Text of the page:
When I finally get to the cliff, two large jeeps have already arrived, with a blur of activity around them. Long lines extend from one of the jeeps standing about 60m (200ft) from the cliff’s edge. At the other end of the line is a rescue squad volunteer in red overalls and a white helmet, with an orange pack around his waist. His name is Símon Halldórsson, and it’s hardly the first time he’s preparing to lower himself over the edge of this cliff. “I was 15 when I went over for the first time, and that was about 30 years ago,” he says as he signals the driver of the jeep that he’s ready to descend.

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Escaped Farmed Salmon Caught in an Icelandic River

The farmed salmon is larger than the wild salmon, wounded by salmon lice, with torn tails and damaged gill flaps.

[vc_row][vc_column][vc_column_text css=”.vc_custom_1544118445301{margin-bottom: 0px !important;}”]Today Matís, a government-owned, non-profit, independent research company, confirmed by DNA testing that two salmon recently caught in Fífustaðadalsá river in Arnarfjörður fjord were farmed salmon of a Norwegian origin. The fjord is where Iceland’s largest salmon farming company, Arnarlax, keeps their open sea pens and earlier this year, a considerable number of farmed salmon of Norwegian origin escaped their pens. The exact number of the escaped fish couldn’t be established. The salmon caught in the small  Fífustaðadalsá were female and ready to spawn, which could have had devastating consequences for the wild salmon stock in the river.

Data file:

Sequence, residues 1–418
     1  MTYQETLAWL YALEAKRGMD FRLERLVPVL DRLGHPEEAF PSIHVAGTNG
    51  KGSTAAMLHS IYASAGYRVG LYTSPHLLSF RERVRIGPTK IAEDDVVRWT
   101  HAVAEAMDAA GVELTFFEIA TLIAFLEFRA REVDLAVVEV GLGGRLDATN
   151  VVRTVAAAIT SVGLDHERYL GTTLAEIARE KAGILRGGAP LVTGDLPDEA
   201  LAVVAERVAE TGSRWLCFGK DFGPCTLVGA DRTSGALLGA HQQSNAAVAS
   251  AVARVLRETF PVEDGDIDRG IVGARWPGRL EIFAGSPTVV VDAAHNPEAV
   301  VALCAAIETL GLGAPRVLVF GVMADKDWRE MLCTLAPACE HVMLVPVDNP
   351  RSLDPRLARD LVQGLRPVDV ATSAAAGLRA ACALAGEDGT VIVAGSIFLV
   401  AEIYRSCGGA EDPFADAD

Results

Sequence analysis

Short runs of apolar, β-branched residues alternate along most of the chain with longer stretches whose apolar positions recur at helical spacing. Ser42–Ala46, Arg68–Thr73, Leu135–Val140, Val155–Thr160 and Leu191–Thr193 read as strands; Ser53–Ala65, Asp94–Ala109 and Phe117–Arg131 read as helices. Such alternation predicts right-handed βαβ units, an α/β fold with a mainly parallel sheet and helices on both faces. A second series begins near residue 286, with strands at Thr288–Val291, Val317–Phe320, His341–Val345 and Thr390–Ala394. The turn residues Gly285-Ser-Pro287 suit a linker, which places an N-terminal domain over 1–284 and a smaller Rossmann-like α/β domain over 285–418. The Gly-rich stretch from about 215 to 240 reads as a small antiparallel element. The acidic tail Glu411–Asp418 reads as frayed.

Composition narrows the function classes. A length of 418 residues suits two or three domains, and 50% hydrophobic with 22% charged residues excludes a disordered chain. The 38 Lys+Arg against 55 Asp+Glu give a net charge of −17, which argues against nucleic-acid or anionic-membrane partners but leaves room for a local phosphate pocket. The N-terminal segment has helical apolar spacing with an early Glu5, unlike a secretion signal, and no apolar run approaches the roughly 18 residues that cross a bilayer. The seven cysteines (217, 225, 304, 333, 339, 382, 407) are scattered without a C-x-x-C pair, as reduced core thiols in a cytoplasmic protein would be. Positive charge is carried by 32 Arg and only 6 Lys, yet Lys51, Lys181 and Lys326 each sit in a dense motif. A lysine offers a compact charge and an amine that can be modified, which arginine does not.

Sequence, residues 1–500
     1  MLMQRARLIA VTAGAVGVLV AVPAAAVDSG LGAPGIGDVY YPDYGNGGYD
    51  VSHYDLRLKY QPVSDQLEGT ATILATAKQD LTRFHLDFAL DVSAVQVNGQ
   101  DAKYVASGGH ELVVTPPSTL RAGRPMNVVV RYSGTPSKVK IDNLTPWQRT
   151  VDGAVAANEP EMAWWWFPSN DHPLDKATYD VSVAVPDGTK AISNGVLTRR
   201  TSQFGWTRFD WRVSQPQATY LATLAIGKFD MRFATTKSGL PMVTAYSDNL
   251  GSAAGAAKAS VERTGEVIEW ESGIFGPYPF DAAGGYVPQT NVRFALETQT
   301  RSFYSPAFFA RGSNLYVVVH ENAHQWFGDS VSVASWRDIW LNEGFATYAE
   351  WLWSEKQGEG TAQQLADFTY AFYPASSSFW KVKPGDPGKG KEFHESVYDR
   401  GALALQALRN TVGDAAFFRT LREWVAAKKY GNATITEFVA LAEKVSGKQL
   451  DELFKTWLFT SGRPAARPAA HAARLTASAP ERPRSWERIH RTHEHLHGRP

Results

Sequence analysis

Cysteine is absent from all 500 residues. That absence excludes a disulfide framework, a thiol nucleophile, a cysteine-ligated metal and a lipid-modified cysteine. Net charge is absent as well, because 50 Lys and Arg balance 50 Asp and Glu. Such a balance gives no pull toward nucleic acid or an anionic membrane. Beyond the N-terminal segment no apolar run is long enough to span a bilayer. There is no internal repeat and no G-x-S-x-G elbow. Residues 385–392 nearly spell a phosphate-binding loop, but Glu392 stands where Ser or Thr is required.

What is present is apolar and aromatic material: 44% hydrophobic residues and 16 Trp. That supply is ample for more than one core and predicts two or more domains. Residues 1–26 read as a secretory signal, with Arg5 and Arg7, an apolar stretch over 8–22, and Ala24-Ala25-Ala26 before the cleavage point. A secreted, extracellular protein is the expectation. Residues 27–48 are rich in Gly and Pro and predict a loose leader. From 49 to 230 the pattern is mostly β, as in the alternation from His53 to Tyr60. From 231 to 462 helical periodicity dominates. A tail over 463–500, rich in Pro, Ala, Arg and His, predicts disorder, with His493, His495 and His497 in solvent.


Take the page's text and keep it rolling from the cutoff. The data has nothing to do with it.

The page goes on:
Female fish about to spawn

Biologist Jóhannes Sturlaugsson has been monitoring fish stocks of three small rivers in Ketildalir valley by Arnarfjörður fjord for four years. The wild stocks in these rivers are very small, which makes it easy to spot any changes. Jóhannes caught every fish in the Fífustaðadalsá river with dip nets, measured, and tagged them, before releasing them. The native spawning stock consisted of twenty salmon and their spawning season was almost over. But in the river, they also caught the two large female fish that looked markedly different. They had large wounds caused by salmon lice, damaged fins and gill flaps, and torn tails: typical characteristics of farmed salmon. Their origin was later confirmed by DNA tests.